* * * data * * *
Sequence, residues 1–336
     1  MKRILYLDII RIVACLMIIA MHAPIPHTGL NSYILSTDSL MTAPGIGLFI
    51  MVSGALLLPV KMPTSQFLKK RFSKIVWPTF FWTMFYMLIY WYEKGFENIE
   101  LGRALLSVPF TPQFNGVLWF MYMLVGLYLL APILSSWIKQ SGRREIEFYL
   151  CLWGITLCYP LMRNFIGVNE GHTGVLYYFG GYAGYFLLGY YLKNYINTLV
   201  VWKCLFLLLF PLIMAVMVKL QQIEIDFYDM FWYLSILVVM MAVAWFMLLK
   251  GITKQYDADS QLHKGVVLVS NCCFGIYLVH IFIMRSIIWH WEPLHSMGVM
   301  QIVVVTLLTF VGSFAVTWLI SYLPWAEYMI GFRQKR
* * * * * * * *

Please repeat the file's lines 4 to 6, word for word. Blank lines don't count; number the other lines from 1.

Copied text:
   101  LGRALLSVPF TPQFNGVLWF MYMLVGLYLL APILSSWIKQ SGRREIEFYL
   151  CLWGITLCYP LMRNFIGVNE GHTGVLYYFG GYAGYFLLGY YLKNYINTLV
   201  VWKCLFLLLF PLIMAVMVKL QQIEIDFYDM FWYLSILVVM MAVAWFMLLK